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Platform: iOS. Must be able to run on all (probably most) iphone devices.

As part of a smartphone application design, I am currently designing an "event creation" form, originally implemented in a web form.

The web form has 5 steps (which I am trying to reduce as much as possible).

One particular step (illustrated here as step 3) requires the user to create an event. Due to screen real-estate being low, I am looking at different ways to present the form fields.

Attached are two quick designs I have started with.

Design A: I have used text input field with the descriptive text inside the field.

The required fields are red. I may change this as I am not 100% happy with this. This is another question that I need to answer.

Design B: I have also shown Design A with no red required fields.

Design C: I have placed the descriptive text above the input field.

My personal opinion is that, comparing designs A and C, design A is much clearer and easier to read than design C. enter image description here However, I'd like some criticism as to both designs.

NB: This is step 3. Both screens in the designs are showing Step 3, even though there are two screens in the step.

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just a hint: you can actually use Balsamiq on UX Exchange, you don't have to upload screens. You can import your .bmml code. –  Roland Studer Aug 29 '12 at 12:23
    
Hea there, thanks for the tip. I didn't know that. Excellent. –  Bernard Tyers Aug 29 '12 at 12:26

2 Answers 2

I would agree to the cleanness of the A over C. I would make sure that the "placeholder" text looks more like the "postal code" field (grayed and italic).

I also like the coloring of the required fields. The downside to this though is that some users may only fill in the minimum required to continue which would be a lost of good data that could have been obtained by not coloring the specific fields.

I hope this helps.

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I am going to go with approach C.

The reason being while Inline labels are great for saving space and serve the purpose of informing the user as well,they have a very distinctive disadvantage that the text disappears when the user selects the field and if the user does not know what the field stands for he might get confused and would have to clear the entire data entered to check if he was entering the data in the correct field (this is assuming the moment ,the user focus shifts from the selected field, the label returns in case the field is empty).

I would recommend going for the approach of top aligned labels. This article about Mobile UX form design has this to say about the benefits of Top aligned labels

Each label alignment has pros and cons. When designing a Web form, it’s more important to choose one which suits to your form purpose, design constraints and so on. However, for mobile forms, horizontal labels (left- and right- aligned) should be avoided. When users click on an input field, the page is often automatically zoomed in to focus on the field. If horizontal labels are used, it is almost impossible to view both label and input field in one screen. In addition, due to small screens, it could be tricky to show long labels if horizontal labeling is used on mobile devices (e.g. Virgin Blue mobile version of manage booking form).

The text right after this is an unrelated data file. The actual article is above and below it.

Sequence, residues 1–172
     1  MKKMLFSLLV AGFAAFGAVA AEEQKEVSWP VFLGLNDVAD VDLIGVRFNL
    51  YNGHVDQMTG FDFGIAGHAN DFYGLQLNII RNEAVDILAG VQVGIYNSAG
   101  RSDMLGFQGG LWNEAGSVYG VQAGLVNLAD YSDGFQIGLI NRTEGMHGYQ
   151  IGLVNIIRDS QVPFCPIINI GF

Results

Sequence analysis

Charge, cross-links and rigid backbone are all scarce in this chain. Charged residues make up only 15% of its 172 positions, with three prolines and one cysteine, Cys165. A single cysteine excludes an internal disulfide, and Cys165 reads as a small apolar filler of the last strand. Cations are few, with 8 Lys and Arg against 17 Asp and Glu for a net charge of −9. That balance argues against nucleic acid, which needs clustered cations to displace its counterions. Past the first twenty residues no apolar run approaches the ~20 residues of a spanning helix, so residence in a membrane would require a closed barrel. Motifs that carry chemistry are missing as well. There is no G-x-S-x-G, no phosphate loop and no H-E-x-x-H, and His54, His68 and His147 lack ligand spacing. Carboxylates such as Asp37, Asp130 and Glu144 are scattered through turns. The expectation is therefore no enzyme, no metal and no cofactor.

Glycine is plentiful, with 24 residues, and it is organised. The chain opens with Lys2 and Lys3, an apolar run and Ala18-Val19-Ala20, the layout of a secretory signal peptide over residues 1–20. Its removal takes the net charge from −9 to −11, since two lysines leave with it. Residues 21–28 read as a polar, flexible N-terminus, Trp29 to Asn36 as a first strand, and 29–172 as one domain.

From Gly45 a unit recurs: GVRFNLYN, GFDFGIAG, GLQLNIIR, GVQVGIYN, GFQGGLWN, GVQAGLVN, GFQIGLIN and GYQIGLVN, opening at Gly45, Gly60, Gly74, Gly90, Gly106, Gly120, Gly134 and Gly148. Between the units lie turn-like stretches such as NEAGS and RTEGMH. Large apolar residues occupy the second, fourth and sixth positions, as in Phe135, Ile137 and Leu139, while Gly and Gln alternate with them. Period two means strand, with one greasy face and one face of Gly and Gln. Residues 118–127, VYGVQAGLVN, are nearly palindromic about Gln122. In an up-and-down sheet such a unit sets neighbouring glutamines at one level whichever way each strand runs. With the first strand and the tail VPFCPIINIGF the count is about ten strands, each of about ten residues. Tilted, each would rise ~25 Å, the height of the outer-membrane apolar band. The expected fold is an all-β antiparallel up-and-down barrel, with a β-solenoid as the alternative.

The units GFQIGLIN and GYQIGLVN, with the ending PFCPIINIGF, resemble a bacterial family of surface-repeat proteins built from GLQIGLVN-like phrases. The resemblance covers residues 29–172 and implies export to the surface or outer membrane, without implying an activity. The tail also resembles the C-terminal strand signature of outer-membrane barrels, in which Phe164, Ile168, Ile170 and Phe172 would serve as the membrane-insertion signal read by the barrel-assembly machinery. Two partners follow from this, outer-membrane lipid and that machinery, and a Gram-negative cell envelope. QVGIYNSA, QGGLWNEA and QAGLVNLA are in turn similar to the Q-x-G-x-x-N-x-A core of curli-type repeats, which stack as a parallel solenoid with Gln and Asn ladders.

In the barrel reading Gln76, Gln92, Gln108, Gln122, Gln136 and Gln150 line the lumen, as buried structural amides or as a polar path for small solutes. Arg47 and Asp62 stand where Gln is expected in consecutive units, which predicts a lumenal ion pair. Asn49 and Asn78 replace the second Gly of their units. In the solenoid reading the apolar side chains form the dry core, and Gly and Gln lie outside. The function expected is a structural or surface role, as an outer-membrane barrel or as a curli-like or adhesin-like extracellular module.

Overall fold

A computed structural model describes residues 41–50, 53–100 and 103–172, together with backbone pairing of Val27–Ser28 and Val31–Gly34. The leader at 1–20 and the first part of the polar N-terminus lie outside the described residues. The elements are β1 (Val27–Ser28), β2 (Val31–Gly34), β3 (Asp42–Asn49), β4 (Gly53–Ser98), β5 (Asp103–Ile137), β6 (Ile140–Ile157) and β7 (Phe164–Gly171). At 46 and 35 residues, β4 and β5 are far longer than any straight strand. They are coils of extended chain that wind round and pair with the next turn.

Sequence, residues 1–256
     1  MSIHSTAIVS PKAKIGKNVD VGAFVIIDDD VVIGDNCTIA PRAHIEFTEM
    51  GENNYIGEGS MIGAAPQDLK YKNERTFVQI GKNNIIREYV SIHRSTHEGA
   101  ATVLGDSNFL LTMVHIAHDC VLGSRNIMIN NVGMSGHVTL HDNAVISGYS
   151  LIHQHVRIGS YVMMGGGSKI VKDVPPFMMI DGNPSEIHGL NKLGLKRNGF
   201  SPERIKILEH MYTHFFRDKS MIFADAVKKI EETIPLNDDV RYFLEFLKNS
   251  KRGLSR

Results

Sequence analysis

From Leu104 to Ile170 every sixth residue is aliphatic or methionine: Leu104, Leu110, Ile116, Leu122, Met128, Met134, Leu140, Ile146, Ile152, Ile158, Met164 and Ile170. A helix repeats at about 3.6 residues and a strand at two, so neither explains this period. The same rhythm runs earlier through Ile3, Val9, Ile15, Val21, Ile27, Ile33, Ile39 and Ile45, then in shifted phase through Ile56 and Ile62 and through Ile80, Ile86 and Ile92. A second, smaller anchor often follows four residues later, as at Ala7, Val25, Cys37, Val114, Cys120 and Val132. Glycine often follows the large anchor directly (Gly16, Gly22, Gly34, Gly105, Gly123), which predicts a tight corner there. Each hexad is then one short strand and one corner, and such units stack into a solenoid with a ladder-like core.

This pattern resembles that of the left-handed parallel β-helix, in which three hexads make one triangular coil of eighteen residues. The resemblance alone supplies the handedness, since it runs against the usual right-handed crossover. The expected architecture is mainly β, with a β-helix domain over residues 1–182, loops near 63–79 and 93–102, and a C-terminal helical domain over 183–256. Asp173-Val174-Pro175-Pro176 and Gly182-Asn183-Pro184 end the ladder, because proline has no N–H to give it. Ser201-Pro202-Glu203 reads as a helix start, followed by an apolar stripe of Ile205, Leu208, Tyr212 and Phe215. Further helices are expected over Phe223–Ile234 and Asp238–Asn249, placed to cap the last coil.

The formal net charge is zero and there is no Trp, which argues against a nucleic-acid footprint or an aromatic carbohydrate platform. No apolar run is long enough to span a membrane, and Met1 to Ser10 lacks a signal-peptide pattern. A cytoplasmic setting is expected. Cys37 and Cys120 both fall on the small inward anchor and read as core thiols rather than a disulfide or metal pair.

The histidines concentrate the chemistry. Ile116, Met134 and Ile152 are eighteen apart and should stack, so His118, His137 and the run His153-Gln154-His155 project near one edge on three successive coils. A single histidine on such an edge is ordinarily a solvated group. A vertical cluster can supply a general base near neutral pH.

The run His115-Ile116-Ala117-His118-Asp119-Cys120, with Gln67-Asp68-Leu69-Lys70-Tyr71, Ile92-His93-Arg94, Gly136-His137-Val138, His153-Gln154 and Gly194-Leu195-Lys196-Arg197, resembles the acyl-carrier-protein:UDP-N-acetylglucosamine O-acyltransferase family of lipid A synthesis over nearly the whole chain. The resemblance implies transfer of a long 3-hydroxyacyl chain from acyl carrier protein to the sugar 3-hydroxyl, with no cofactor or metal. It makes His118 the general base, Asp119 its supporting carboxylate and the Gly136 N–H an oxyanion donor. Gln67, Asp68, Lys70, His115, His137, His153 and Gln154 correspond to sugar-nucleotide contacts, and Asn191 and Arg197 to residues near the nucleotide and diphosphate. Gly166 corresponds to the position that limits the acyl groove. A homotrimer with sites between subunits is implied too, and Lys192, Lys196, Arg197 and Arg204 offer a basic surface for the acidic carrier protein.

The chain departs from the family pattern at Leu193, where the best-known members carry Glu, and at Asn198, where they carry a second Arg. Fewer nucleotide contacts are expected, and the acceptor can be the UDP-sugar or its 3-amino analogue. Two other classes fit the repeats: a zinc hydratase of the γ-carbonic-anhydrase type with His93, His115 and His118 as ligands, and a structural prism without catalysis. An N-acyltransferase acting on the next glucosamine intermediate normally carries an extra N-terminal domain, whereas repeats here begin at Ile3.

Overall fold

These problems can be avoided by using top aligned labels.

If you must use the inline text for some reason, use it for providing hints as to the format of data to enter

enter image description here

With regards to color coding your mandatory fields, I am not sure how effective that would since that's usually not common practice and I would recommend going for a * to indicate a mandatory field. The reason being that having the * (in front of the label or field) has become some what of a de-facto standard with regards to a form field being mandatory and coming up with a new design might just confuse people about whether its mandatory or not.

This article by Smashing Magazine provides an alternate approach where it explicit suggests putting a required field next to the label

You can position required field markers in one of two places:

  • Next to labels, allowing users to scan the form quickly,
  • Next to or inside input fields

Lastly, since in your design only two fields are not required (as per step 3) you can just mark the non-mandatory fields . Here is an interesting article which talks about that :

Always Mark Optional Form Fields Not Required Ones

To quote it:

To make the user’s life easier, you should quit marking the required fields and only mark the optional fields. This is because users usually come to forms already expecting to fill everything out. It’s implicit in the nature of forms, so there’s no need to explicitly tell users what they need to fill out. What’s more helpful is telling them what they don’t need to fill out because it cuts down their work. The only time a user would question whether a field needs filling out is if the information that you’re asking for is something they really don’t want to give you. For this reason, it’s important that your form only asks for information you absolutely need.

enter image description here

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